awesomeness
     


  8. jarude

    jarude Senior member

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    yeah, fuck responding to arguments, im just going to blandly summarize my already-poor reasoning and follow it up with an attempt at self-deprecation to save face.
     


  9. jbw

    jbw Active Member

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    ^no really, I do think I'm a pussy.

    Look, you said you didn't understand, was I saying people shouldn't squat? No, I am not arguing that. I'm arguing people should deadlift. But, yes, I do think it's okay not to squat.

    Anyhow, it's just an opinion. I listed the arguments that I have. I'm not an expert, so I don't feel comfortable going much deeper then my original post. Don't be mad.
     


  10. virus646

    virus646 Senior member

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    this is not junk pool (aka CE) so I'm at least happy to hear that he doesn't want it to turn in a debate flame war :nodding:

    On a similar note, I found out that working out the big lifts (squat/bench/dead lift) without actually doing them but doing similar lifts that use a good amount of similar muscles is quite beneficial and fun (basically Westside barbell method with max effort method and speed work for those that do know). I've been doing a 3 days version with only 1 legs days using box squats + either romanian dead lifts or good mornings (and accessories) for 4 weeks and increased my dead lift max total by a good 35 lbs (from 370 lbs to 405lbs) without doing a conventional one till I tested out my max. I wouldn't recommend it to those that are still beginning and just need to do the big lifts lots of time though.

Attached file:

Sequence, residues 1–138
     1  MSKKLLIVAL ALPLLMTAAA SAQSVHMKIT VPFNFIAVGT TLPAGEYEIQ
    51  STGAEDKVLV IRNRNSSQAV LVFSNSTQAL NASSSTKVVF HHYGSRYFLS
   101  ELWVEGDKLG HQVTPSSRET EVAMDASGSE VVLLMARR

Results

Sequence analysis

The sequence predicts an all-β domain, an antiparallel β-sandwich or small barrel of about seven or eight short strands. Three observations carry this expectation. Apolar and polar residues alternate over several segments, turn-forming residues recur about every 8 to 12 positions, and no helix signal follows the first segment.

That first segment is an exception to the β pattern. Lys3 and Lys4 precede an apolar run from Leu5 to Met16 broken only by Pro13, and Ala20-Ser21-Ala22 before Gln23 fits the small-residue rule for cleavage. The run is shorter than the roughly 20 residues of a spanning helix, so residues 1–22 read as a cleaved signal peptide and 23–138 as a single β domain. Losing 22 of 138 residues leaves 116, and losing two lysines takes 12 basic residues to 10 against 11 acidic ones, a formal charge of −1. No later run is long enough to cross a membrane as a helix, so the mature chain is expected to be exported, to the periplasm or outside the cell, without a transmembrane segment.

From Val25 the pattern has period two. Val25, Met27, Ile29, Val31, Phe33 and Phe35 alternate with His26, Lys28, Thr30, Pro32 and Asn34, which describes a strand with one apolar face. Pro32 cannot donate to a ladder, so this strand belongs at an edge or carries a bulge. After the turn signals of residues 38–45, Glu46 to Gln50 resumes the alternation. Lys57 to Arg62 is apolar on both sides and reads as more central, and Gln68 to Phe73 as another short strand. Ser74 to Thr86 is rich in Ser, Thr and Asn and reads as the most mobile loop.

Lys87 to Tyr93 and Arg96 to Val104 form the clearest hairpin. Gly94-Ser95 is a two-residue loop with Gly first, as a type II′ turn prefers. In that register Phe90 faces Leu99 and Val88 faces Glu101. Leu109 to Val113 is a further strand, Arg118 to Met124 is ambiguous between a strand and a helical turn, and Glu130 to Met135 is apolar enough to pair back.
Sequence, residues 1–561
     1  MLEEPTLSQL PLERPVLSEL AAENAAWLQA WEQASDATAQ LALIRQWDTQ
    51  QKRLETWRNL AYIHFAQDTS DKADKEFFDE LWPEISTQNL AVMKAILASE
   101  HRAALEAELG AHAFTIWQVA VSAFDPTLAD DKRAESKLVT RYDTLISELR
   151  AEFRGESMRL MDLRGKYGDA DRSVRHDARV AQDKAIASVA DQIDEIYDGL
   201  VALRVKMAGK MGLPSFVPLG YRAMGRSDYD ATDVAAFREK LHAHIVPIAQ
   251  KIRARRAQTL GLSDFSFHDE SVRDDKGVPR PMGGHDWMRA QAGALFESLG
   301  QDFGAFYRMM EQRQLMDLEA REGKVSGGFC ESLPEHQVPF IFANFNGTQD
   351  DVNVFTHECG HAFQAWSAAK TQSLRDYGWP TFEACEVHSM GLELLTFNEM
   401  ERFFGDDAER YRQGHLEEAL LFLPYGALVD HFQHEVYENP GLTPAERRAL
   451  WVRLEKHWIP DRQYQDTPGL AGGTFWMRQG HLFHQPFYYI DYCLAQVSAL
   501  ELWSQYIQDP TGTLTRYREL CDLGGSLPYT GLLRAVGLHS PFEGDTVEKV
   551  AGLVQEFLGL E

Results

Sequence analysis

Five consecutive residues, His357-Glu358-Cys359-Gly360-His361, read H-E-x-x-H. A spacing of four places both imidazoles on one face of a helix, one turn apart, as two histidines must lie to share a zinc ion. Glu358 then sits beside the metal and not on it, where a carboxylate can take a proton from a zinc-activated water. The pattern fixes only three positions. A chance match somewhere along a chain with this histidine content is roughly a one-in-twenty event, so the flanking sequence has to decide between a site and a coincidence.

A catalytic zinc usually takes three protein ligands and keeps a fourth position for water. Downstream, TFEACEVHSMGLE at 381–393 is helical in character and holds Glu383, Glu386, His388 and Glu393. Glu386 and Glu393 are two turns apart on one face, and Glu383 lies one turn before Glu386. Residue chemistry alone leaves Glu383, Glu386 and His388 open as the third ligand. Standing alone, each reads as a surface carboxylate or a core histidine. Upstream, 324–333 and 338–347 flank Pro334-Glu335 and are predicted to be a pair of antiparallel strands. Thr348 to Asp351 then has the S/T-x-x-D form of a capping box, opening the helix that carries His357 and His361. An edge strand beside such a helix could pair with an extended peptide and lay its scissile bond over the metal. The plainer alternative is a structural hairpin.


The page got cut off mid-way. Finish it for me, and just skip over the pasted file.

11. fuji

    fuji Senior member

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    Lol at not hurting yourself at deadlifts. I raped my back first few times I deadlifted by pulling with my back.
     


  12. sonick

    sonick Senior member

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    [​IMG]

    /discussion.
     
    Last edited: Sep 29, 2011


  13. fuji

    fuji Senior member

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    Based on the photo, I'd have to say deads.
     


  14. Sir Humphrey Appleby

    Sir Humphrey Appleby Senior member

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    I'd say deadlifts based both on the photo and the exercise.
     


  15. Lagrangian

    Lagrangian Senior member

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    Why is this being framed as an either/or type of deal? A smart lifter training for strength will keep both lifts in there. If you for some reason do not want to squat, I doubt anyone gives two shits about it.